Teachers in mass firing plan to appeal dismissal

By Ray Henry
Associated Press / February 26, 2010

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PROVIDENCE - The entire staff of teachers fired in a radical attempt to improve one of the worst performing high schools in Rhode Island will appeal their dismissals to school authorities, the head of the teachers union said yesterday.

The board of trustees overseeing the school system in Central Falls, one of the poorest communities in the state, voted Tuesday to fire 88 high school teachers and other support staff by the end of the year. Other administrators will also lose their jobs.

Those teachers will appeal their dismissals to the school district’s board of trustees, said Jane Sessums, the president of the Central Falls Teachers’ Union. She plans to meet with union lawyers and other labor representatives in coming days before deciding whether to take additional legal action.

Sessums said she still hopes negotiations will resume, although her union has not made any requests to school officials to continue talks.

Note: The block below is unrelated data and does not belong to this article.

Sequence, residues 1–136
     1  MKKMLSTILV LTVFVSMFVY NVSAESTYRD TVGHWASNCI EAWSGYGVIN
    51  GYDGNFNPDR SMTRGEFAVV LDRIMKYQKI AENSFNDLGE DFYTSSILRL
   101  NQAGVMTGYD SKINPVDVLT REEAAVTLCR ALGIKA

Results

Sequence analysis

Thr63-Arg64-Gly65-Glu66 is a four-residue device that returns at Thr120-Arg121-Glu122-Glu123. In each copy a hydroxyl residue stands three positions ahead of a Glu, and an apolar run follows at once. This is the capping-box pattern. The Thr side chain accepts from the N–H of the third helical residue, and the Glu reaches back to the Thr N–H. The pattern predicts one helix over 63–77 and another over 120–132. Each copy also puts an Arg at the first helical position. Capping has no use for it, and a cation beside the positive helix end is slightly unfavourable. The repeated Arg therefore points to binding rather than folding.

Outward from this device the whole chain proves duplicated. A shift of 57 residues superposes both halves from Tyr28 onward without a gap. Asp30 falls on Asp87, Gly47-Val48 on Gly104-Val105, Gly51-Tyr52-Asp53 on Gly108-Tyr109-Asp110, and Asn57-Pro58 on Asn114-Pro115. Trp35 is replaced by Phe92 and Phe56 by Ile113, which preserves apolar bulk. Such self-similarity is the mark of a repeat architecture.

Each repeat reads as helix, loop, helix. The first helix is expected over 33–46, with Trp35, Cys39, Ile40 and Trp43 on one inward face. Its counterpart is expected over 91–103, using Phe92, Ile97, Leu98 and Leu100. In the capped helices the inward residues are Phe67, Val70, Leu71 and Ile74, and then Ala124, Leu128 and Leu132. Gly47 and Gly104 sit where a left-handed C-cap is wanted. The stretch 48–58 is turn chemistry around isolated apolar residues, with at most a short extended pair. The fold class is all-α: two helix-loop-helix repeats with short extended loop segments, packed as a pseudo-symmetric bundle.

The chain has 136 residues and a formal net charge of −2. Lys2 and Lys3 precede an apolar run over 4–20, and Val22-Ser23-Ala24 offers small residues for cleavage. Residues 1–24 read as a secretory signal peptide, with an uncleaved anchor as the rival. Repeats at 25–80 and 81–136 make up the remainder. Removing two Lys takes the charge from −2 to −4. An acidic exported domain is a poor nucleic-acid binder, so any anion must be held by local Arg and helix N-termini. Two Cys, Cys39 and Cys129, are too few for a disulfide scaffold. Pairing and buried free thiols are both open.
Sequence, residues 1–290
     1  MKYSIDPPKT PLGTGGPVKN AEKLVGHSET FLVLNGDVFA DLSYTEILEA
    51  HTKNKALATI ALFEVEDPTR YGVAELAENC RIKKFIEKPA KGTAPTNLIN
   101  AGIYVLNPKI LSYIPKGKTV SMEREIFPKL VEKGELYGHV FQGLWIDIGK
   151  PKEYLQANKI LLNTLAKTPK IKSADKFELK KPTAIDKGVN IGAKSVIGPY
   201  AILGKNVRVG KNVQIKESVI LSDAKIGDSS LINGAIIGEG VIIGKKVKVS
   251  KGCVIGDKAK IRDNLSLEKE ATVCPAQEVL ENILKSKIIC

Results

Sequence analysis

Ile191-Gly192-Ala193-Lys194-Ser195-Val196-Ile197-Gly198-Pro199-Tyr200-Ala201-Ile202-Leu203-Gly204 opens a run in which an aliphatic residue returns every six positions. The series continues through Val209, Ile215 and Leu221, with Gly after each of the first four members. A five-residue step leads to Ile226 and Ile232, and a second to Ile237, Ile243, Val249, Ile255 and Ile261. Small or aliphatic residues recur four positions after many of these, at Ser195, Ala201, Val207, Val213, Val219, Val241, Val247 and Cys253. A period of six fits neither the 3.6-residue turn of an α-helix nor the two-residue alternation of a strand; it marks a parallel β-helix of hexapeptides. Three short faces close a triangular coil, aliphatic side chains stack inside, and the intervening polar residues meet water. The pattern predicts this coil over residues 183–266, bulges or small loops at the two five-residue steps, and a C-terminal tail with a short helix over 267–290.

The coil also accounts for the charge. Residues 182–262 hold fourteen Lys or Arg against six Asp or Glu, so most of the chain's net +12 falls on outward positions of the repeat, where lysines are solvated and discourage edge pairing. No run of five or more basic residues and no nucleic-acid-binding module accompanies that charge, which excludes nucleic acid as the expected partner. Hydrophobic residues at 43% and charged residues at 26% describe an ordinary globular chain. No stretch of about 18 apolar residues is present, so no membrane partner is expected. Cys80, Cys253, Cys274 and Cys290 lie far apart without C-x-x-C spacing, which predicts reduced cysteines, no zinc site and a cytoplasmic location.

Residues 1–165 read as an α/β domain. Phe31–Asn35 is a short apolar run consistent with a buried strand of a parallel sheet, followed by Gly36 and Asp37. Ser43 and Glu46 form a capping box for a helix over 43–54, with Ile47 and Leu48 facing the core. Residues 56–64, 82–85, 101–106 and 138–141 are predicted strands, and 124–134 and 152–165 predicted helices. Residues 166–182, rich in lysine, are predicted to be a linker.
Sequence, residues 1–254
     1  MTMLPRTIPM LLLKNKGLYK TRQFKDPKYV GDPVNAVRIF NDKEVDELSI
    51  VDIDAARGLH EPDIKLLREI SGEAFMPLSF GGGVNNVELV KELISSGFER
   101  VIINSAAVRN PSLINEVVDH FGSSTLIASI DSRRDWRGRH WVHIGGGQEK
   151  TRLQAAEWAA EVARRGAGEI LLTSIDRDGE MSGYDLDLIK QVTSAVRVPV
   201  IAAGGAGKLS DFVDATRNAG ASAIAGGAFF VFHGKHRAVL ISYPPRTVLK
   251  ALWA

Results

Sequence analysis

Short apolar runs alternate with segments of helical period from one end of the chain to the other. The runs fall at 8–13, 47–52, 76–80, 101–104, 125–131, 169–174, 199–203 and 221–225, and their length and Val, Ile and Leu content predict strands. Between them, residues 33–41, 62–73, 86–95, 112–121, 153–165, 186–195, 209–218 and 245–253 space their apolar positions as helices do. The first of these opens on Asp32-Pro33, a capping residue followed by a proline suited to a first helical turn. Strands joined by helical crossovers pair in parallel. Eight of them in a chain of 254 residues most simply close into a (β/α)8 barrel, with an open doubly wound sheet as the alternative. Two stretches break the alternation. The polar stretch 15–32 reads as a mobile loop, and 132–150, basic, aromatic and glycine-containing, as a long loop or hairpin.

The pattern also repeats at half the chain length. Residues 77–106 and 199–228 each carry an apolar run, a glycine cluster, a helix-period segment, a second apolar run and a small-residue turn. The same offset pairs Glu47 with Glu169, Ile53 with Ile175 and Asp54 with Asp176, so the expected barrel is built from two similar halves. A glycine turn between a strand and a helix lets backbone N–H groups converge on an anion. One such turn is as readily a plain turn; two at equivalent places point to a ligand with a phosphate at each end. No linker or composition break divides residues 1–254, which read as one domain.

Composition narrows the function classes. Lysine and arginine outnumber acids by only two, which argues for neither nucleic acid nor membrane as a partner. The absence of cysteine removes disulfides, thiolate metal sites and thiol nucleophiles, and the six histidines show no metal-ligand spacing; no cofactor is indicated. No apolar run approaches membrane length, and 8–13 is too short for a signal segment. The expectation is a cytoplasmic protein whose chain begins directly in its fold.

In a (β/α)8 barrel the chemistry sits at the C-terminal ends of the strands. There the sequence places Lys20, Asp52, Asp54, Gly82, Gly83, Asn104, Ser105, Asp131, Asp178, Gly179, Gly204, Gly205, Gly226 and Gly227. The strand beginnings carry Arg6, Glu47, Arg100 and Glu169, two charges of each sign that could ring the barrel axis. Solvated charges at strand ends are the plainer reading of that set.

The firings were ordered after the state identified Central Falls High School as among the six worst in the state and ordered it to make improvements by selecting one of four reform plans outlined in federal law.

Just 7 percent of 11th graders tested in the fall were proficient in math. Only 33 percent were proficient in writing, and just 55 percent were proficient in reading. In 2009, just 48 percent of students graduated within four years.

Superintendent Frances Gallo said she initially hoped teachers would agree to a package of changes, including lengthening the school day and requiring teachers to offer more tutoring, get additional training, and eat lunch with students once a week.

Gallo said she decided to fire her teaching staff after union officials said they were not getting paid enough for the additional work.

The school district offered to pay teachers extra for getting training over the summer and for other professional development time during the school year, Gallo said. But she did not have the money to raise salaries for extending the school day or for making teachers eat lunch with students once a week.

“They absolutely refused to work without pay,’’ Gallo said. “Eating with students, they considered it a duty, not, as I had hoped, a relationship-building opportunity.’’

Gallo said she does not intend to resume negotiations over the firings, although she said there will be talks over other aspects of the turnaround plan.